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Bogey's Trucking & Paving, Inc. v. Indian Harbor Insurance Co.

July 19, 2007

BOGEY'S TRUCKING & PAVING, INC. AND DAVID WHITFIELD, PLAINTIFFS-RESPONDENTS,
v.
INDIAN HARBOR INSURANCE COMPANY, DEFENDANT-RESPONDENT,
AND ARI INSURANCE COMPANIES, DEFENDANT-APPELLANT,
AND CHARLES A. STECKER, JR., INTERVENOR-RESPONDENT.



On appeal from Superior Court of New Jersey, Law Division, Camden County, Docket No. L-6098-04.

The opinion of the court was delivered by: Grall, J.A.D.

NOT FOR PUBLICATION WITHOUT THE APPROVAL OF THE APPELLATE DIVISION

APPROVED FOR PUBLICATION

Argued March 13, 2007

Before Judges Skillman, Holston, Jr. and Grall.

Defendant ARI Insurance Companies (ARI) appeals from orders entered on motions for summary judgment in this action for declaratory judgment on insurance coverage. The plaintiffs are Bogey's Trucking and Paving, Inc. (Bogey's) and its employee, David Whitfield. ARI insures Bogey's under a business automobile policy. Defendant Indian Harbor Insurance Company (Indian Harbor) insures Bogey's under a comprehensive general liability (CGL) policy. Intervenor Charles Stecker is an uninsured motorist.

Frank Gaidosh was struck by an automobile and filed a complaint alleging that his injuries were caused by the negligence of Bogey's, Whitfield and Stecker. Bogey's and Whitfield commenced this action after both ARI and Indian Harbor denied a duty to defend or indemnify. The trial court determined that ARI, not Indian Harbor, must defend and indemnify Bogey's, and ARI must provide uninsured motorist coverage to Gaidosh.*fn1

There are two coverage disputes at issue on this appeal: 1) whether the responsibility to defend and indemnify Bogey's and Whitfield is shared by ARI and Indian Harbor; 2) whether ARI must provide uninsured motorist coverage. Because the trial court's interpretation of the policy provisions at issue is correct, we affirm.

The accident occurred at approximately 5:00 p.m. on January 9, 2002. Gaidosh was employed on a construction site, and Bogey's had assigned Whitfield to deliver stone to that site. Whitfield delivered the stone in a dump truck insured under the business automobile policy ARI issued. Gaidosh rode in the dump truck in order to show Whitfield where to leave the stone. They traveled to the spot, which was off the southbound side of a public roadway. It was getting dark, and the truck's headlights and emergency flashers were on. Offering to direct Whitfield while he turned the truck to dump the stone, Gaidosh left the vehicle. Although the truck was equipped with a flashlight and a reflective vest, Whitfield did not offer the gear to Gaidosh, who was dressed in dark-colored clothing.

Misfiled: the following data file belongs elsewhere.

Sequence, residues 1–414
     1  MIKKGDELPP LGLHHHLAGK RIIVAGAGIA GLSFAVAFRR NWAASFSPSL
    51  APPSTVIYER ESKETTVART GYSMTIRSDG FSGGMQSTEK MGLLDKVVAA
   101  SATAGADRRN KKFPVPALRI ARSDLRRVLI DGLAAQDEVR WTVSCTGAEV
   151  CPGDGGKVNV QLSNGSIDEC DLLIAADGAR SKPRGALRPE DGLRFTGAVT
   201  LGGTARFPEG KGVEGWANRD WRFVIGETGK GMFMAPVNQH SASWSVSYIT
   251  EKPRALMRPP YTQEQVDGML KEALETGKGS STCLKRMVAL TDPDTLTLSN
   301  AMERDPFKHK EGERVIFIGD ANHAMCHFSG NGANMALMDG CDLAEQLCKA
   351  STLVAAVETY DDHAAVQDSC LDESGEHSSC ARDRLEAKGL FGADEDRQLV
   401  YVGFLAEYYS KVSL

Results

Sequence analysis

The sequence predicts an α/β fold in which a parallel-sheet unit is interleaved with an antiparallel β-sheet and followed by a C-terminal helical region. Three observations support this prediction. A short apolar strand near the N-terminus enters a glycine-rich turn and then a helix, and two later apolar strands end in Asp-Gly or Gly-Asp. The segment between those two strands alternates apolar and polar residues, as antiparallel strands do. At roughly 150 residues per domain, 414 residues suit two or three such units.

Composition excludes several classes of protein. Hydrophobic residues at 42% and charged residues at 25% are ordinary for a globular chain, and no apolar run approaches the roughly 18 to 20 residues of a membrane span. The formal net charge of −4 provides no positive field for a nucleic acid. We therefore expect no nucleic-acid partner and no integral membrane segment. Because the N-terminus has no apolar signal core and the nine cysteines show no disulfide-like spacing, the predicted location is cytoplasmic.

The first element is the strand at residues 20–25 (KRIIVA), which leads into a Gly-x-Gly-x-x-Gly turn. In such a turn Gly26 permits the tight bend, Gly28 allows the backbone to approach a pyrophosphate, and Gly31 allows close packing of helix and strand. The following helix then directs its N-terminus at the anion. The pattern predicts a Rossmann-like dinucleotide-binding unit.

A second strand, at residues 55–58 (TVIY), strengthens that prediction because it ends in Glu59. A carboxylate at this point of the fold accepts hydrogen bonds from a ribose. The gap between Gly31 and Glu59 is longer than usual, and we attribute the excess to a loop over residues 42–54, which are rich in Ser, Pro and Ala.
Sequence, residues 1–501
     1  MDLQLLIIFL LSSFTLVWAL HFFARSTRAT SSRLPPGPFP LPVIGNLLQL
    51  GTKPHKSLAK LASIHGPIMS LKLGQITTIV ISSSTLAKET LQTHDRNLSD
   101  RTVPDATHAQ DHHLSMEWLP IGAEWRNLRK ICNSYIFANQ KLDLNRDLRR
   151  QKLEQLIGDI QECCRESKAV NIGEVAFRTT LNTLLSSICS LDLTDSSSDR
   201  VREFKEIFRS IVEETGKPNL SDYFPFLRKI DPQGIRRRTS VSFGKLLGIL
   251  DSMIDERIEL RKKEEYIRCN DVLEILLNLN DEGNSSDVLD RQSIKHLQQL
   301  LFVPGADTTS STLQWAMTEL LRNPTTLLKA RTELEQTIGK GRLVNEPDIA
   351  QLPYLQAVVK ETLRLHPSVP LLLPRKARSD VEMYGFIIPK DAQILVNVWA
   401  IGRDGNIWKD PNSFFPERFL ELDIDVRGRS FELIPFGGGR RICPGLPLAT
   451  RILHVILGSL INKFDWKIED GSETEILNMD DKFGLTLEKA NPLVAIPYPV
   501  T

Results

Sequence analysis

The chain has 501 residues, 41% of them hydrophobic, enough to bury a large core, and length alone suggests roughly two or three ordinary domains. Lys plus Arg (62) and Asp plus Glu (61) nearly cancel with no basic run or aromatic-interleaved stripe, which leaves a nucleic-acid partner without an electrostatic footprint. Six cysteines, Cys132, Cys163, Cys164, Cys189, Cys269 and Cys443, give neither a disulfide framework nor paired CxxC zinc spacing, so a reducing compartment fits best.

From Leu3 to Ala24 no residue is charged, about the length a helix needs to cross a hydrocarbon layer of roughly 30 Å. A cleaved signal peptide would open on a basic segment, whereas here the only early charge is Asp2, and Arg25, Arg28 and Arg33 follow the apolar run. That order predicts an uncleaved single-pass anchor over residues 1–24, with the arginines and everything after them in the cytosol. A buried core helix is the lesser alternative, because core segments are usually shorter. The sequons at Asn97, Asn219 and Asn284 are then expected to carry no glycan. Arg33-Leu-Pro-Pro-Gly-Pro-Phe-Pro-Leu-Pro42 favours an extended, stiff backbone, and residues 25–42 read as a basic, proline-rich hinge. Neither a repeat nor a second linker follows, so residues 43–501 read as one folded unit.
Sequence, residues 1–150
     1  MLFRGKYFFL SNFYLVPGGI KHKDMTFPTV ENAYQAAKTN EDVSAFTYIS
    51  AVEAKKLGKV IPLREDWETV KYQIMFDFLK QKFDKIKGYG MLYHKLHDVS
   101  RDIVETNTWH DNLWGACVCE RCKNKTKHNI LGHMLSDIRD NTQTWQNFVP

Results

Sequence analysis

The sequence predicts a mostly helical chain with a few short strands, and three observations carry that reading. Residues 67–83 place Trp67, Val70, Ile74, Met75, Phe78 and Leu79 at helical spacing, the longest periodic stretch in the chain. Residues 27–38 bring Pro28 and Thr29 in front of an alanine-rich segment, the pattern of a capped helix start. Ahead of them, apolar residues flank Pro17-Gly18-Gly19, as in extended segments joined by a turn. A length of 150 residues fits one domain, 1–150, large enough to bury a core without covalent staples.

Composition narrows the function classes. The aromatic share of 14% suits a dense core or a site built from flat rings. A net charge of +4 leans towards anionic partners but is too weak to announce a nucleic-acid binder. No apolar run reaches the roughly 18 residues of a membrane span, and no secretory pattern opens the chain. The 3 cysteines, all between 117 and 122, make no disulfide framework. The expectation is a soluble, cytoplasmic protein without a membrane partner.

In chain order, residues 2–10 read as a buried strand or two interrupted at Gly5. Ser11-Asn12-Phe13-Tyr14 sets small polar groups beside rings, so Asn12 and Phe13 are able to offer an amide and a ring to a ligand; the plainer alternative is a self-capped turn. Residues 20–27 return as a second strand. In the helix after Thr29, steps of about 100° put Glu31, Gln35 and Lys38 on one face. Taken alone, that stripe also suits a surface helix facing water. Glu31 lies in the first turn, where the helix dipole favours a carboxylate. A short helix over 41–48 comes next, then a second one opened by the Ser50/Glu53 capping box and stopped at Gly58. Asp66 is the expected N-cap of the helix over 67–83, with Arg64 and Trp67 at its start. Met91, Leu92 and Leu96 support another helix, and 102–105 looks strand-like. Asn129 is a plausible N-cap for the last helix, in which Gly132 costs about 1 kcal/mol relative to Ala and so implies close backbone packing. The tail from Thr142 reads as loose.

Whitfield started a "K-turn." Traffic in the southbound lane stopped. Whitfield saw a car that was not "moving that fast" approaching in the northbound lane. He continued his turn and heard a "crash" when a car, which was driven by Stecker, struck Gaidosh.*fn2 According to Whitfield, Gaidosh left the truck about five seconds before the accident.

The business automobile policy issued to Bogey's by ARI under which the dump truck was insured provides the following coverage:

We will pay all sums an "insured" legally must pay as damages because of "bodily injury" or "property damage" to which this insurance applies, caused by an "accident" and resulting from the ownership, maintenance or use of a covered "auto."

Our courts read the policy language emphasized above to afford the coverage required by N.J.S.A. 39:6B-1a, which is coverage for property damage and injury "arising out of the ownership, maintenance, operation or use of" the covered vehicle. Ibid. (emphasis added); see Home State Ins. Co. v. Cont'l Ins. Co., 313 N.J. Super. 584, 587 (App. Div. 1998), aff'd o.b., 158 N.J. 104 (1999).

The Indian Harbor policy expressly excludes coverage for claims for bodily injury or property damage "arising out of the ownership, maintenance, use or entrustment to others of any . . . 'auto' . . . owned or operated by or rented or loaned to ...


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